Not least in Stephenson's accomplishments and contributions to the war effort was the setting up by BSC of Camp X in Whitby, Ontario, the first training school for clandestine wartime operations in North America. Around 2,000 British, Canadian and American covert operators were trained here from 1941 through 1945, including students from the ISO, OSS, Federal Bureau of Investigation, Royal Canadian Mounted Police, U.S. Navy and U.S. Military Intelligence services, and the Office of War Information, among them five future directors of what would eventually become the American Central Intelligence Agency.
Graduates of Camp X operated in Europe in Spain, Portugal, Italy, and the Balkans as well as in Africa, Australia, India, and the Pacific. They included Ian Fleming, later the author of the popular James Bond books. It has been said Goldfinger's fictional raid on Fort Knox was inspired by a Stephenson plan (never carried out) to steal $2,883,000,000 in Vichy French gold reserves from the French Caribbean colony of Martinique.
BSC purchased a ten-kilowatt transmitter from Philadelphia radio station WCAU and installed the transmitter at Camp X. By mid-1944, Hydra was transmitting 30,000 and receiving 9,000 message groups daily, much of the secret Allied intelligence traffic across the Atlantic.

Recognition and honours
British-born Canadian author William Stevenson (no relation) wrote a 1976 book A Man Called Intrepid about Stephenson. There are doubts about the veracity of much of what he wrote.
Nigel West in Counterfeit Spies casts doubt on much of Stevenson's account; the award of the Croix de Guerre avec Palmes and the Legion d'Honneur - according to West no such record exists of either award.
John Colville (who was one of Churchill's private secretaries) in his 1981 book The Churchillians took issue with Stevenson's description of Stephenson's relationship with Churchill during the war. He pointed out that Stephenson was not Churchill's personal liaison with Roosevelt, that in fact (as is well known) the two men corresponded directly and constantly. Indeed Colville never heard Churchill speak of Stephenson at all.
There are however numerous other references to the Stephenson-Churchill connection in, for example, Maclean's magazine December 1, 1952, The Times October 21, 1962 and many references to the relationship in Hyde's biography The Quiet Canadian (1962). Churchill was still alive.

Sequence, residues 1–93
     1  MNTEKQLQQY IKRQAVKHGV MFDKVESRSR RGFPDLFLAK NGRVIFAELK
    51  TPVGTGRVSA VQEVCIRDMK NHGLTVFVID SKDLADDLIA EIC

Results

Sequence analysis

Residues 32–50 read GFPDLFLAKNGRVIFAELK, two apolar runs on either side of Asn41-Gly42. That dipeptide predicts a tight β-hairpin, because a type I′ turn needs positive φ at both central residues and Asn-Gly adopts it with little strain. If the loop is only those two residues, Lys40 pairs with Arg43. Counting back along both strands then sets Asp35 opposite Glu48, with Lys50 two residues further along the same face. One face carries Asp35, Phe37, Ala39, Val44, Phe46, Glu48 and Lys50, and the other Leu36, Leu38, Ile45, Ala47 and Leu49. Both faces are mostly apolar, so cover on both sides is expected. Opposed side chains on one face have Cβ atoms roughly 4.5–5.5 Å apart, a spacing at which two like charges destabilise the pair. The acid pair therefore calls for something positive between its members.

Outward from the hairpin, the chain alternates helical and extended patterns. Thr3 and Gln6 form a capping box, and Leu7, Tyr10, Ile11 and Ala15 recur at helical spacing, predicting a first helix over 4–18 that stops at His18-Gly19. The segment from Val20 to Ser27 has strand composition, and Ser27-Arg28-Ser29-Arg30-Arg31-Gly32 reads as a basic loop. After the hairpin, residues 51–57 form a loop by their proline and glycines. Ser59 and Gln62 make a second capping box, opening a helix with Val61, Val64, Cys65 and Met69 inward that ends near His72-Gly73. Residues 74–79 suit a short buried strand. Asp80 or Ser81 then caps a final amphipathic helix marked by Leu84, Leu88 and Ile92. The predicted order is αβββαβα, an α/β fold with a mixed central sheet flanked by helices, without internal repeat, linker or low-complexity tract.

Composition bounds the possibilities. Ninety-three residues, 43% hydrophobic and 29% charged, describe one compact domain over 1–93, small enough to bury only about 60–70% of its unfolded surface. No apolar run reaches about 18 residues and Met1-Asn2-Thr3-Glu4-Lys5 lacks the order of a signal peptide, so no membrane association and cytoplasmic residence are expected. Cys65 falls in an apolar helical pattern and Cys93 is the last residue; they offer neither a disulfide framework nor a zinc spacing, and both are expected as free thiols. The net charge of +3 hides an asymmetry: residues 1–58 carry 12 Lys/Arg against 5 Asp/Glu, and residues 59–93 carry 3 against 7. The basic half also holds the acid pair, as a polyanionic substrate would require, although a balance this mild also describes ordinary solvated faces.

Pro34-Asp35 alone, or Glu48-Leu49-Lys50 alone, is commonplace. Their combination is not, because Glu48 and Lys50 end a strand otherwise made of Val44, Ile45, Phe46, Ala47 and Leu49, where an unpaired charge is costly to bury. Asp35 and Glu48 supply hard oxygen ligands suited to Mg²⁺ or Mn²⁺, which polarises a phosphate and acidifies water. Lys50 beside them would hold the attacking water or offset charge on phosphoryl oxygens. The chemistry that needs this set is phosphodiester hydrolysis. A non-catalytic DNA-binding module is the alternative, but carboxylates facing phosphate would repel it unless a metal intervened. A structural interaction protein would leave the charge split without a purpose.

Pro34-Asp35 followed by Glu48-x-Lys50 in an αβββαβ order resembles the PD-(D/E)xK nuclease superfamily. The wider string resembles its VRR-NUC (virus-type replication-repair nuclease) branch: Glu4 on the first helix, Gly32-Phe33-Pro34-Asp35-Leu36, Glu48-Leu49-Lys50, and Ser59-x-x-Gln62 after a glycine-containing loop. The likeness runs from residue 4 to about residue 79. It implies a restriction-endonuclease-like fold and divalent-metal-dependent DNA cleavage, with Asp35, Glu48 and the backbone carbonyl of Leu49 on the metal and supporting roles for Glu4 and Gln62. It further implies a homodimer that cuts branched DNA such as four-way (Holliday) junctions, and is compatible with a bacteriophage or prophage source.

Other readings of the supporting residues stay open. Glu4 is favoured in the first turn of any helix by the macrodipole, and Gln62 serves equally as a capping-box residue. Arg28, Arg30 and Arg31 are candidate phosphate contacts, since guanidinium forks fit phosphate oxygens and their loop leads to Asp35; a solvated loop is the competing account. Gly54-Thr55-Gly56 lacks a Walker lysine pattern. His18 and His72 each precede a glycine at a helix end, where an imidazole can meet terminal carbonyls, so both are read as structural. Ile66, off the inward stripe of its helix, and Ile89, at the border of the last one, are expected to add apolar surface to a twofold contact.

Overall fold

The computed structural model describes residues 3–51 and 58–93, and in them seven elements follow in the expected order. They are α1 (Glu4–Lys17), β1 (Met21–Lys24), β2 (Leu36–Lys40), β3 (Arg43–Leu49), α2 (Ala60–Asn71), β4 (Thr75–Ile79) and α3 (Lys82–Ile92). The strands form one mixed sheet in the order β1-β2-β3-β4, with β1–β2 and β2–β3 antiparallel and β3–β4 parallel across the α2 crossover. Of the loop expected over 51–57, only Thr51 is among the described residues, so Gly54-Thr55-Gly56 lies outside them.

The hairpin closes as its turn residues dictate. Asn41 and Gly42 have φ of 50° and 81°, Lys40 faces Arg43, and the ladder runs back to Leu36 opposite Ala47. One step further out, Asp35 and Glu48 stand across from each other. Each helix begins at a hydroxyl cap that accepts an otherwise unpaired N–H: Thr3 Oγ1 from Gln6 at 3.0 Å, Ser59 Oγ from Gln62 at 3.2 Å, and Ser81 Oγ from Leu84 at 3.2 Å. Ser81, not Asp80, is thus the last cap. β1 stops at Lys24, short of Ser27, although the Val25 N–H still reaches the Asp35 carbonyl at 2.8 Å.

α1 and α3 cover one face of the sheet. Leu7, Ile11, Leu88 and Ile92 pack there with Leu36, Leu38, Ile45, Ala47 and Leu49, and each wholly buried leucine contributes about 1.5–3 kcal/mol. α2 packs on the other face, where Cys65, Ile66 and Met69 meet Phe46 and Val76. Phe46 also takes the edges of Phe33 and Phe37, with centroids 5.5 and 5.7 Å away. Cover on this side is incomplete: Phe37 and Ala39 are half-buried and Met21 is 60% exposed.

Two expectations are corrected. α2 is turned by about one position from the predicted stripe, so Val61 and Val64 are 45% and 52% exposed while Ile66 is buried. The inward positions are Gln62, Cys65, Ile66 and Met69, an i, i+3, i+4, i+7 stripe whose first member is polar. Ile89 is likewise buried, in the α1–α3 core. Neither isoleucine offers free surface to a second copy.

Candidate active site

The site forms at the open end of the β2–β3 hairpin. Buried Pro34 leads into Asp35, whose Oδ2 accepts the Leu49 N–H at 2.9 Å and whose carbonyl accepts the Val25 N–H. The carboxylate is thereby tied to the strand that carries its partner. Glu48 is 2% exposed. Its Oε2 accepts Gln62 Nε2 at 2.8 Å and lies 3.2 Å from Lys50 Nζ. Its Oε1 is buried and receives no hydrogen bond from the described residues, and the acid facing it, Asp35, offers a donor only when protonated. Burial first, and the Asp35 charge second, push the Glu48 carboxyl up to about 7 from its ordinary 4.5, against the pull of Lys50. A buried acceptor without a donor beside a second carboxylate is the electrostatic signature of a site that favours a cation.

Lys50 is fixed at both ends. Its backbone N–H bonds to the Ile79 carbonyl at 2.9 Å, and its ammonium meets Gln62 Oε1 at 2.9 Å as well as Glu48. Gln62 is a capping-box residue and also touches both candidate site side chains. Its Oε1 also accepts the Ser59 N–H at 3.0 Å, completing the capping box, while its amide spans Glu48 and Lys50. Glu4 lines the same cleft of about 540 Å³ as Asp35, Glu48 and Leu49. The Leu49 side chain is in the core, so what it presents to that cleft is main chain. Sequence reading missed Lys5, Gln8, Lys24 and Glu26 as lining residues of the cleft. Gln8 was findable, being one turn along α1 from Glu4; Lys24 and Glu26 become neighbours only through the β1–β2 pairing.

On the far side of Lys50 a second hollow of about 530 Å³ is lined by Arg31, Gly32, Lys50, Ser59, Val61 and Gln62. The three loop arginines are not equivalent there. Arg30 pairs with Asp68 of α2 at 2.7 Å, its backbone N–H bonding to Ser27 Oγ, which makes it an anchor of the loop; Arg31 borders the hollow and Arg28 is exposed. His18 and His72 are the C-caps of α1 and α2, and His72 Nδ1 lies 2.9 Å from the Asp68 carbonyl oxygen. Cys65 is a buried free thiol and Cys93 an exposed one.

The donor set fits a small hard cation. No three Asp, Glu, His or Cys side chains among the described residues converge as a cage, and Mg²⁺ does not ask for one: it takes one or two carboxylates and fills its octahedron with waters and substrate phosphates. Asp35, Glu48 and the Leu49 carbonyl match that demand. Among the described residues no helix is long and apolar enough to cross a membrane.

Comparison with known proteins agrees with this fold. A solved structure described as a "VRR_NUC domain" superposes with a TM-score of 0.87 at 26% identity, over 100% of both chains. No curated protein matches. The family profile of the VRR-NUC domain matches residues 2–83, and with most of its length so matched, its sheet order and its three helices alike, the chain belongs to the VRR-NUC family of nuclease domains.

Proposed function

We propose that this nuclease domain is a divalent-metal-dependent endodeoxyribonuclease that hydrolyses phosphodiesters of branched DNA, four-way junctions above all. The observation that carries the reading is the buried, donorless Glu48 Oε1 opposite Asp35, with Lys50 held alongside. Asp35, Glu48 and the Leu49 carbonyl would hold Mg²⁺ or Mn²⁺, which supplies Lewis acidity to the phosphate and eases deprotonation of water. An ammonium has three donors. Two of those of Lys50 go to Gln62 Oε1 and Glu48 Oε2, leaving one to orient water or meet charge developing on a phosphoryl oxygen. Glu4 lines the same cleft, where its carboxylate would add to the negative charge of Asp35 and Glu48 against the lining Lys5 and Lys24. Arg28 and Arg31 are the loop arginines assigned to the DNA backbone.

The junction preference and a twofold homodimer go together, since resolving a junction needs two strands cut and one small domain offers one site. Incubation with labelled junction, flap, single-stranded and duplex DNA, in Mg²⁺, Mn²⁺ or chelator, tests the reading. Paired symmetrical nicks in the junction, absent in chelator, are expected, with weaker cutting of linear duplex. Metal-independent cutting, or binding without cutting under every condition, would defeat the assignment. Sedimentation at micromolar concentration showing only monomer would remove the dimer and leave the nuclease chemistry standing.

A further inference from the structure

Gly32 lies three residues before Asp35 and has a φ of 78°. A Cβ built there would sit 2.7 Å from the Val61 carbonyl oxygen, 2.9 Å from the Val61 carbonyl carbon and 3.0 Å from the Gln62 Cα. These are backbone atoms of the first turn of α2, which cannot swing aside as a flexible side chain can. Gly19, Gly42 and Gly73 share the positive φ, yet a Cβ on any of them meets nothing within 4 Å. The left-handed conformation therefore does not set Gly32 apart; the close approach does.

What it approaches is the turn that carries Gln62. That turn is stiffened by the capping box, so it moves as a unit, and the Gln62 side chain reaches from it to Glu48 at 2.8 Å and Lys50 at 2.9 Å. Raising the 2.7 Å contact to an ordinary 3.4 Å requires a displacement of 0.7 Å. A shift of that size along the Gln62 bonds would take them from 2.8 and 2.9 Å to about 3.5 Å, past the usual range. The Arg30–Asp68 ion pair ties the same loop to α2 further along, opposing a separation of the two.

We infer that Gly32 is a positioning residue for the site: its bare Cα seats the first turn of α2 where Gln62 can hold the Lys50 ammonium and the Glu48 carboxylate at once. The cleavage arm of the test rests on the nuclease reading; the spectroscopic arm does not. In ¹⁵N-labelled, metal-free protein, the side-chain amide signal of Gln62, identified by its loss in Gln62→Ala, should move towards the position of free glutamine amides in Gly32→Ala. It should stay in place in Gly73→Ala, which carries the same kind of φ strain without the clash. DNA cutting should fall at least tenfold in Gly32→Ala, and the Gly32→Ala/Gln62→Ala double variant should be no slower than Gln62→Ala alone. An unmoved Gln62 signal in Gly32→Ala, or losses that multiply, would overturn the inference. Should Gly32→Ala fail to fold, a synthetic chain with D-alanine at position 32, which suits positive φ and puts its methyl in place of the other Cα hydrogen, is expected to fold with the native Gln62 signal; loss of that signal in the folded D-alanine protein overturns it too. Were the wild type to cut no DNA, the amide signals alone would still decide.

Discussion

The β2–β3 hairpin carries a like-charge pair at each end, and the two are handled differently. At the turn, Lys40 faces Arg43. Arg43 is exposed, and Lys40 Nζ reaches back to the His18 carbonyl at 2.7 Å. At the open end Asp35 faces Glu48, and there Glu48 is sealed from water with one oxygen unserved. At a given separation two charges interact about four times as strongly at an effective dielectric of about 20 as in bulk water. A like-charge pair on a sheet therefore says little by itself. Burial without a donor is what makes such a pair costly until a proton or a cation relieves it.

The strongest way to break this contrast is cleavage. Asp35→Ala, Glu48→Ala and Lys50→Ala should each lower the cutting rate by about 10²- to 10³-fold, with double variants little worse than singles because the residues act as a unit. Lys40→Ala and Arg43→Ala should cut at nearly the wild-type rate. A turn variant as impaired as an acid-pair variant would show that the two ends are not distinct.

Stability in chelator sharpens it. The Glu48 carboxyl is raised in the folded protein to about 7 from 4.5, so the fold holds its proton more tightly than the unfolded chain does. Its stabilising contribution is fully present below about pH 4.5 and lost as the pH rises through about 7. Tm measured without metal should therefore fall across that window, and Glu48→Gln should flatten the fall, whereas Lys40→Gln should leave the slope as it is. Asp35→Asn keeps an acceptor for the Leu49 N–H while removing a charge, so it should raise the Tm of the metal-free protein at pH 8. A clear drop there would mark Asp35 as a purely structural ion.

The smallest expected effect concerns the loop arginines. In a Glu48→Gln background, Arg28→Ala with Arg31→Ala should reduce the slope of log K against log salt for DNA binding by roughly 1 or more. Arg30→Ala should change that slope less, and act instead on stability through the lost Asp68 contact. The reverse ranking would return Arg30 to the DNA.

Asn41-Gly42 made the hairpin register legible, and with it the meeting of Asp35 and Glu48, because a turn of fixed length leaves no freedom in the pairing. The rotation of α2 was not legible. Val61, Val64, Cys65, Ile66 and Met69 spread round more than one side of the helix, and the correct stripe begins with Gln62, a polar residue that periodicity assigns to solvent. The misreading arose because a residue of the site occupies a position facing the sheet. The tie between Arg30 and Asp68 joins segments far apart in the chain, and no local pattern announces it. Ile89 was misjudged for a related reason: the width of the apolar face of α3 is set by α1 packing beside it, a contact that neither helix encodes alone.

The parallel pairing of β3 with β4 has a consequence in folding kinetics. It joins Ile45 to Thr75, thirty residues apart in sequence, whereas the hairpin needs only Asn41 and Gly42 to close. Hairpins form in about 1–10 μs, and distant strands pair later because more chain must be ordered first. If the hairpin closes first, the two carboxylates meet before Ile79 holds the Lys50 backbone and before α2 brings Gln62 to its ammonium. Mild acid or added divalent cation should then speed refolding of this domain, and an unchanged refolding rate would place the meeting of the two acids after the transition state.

Former British intelligence agent Kim Philby refers to Stephenson as a friend of Churchill in his book My Silent War. Stephenson's personal secretary and personal cipher clerks talk of Stephenson-Churchill communication in the book The True Intrepid and in the documentary Secret Secretaries. There is chapter on the relationship in CIA historian Thomas Troy's Wild Bill and Intrepid.
Controversial historian David Irving in Churchill's War reveals evidence of a secret communications link between Roosevelt and Churchill that was run by the FBI but controlled through Stephenson's office. There are references to this link in The True Intrepid.
A dinner in Stevenson's book at Lord Beaverbrook's house in May or June 1940 is highly doubtful too. Colville described the printed letter of invitation from Churchill as clearly an invention, since Churchill was punctilious and never called Beaverbrook "the beaver", and for obvious reasons never signed himself W.C. Lord Trenchard is described discussing his fighter aircraft, where in fact it had been 10 years since Trenchard held a RAF post. Colville's conclusion was to hope that Stevenson's book was not ever "used for the purpose of historical reference."
In the papers of William Stevenson at the University of Regina there is only one reference to the Beaverbrook dinner. Stephenson cables the author that he did not recall the exact date of the gathering decades before, and there is no mention of him receiving a written note invitation. (Macdonald page 372", Troy page 237) In a foreword to Richard Dunlop's Donovan, Stephenson writes he received a telephone invitation to the dinner and he refers to "Boom Trenchard of RAF and Scotland Yard fame."